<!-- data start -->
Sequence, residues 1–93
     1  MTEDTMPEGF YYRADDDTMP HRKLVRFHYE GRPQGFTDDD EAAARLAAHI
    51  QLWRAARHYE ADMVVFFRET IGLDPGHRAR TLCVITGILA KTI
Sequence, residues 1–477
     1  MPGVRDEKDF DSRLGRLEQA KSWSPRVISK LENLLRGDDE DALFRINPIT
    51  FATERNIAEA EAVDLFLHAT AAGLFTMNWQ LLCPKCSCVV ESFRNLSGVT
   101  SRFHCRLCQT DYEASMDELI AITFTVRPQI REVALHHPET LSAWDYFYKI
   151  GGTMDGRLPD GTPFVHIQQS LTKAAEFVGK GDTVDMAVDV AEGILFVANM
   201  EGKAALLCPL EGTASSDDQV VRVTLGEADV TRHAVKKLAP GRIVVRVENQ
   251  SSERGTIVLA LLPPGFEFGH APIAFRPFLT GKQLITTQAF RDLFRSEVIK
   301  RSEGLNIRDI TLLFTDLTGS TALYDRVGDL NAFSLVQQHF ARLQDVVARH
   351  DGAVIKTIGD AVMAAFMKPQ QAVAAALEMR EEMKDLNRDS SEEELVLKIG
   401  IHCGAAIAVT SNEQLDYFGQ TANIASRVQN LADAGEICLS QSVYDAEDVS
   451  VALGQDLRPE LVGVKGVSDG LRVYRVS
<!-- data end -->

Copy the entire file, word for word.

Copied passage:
Sequence, residues 1–93
     1  MTEDTMPEGF YYRADDDTMP HRKLVRFHYE GRPQGFTDDD EAAARLAAHI
    51  QLWRAARHYE ADMVVFFRET IGLDPGHRAR TLCVITGILA KTI
Sequence, residues 1–477
     1  MPGVRDEKDF DSRLGRLEQA KSWSPRVISK LENLLRGDDE DALFRINPIT
    51  FATERNIAEA EAVDLFLHAT AAGLFTMNWQ LLCPKCSCVV ESFRNLSGVT
   101  SRFHCRLCQT DYEASMDELI AITFTVRPQI REVALHHPET LSAWDYFYKI
   151  GGTMDGRLPD GTPFVHIQQS LTKAAEFVGK GDTVDMAVDV AEGILFVANM
   201  EGKAALLCPL EGTASSDDQV VRVTLGEADV TRHAVKKLAP GRIVVRVENQ
   251  SSERGTIVLA LLPPGFEFGH APIAFRPFLT GKQLITTQAF RDLFRSEVIK
   301  RSEGLNIRDI TLLFTDLTGS TALYDRVGDL NAFSLVQQHF ARLQDVVARH
   351  DGAVIKTIGD AVMAAFMKPQ QAVAAALEMR EEMKDLNRDS SEEELVLKIG
   401  IHCGAAIAVT SNEQLDYFGQ TANIASRVQN LADAGEICLS QSVYDAEDVS
   451  VALGQDLRPE LVGVKGVSDG LRVYRVS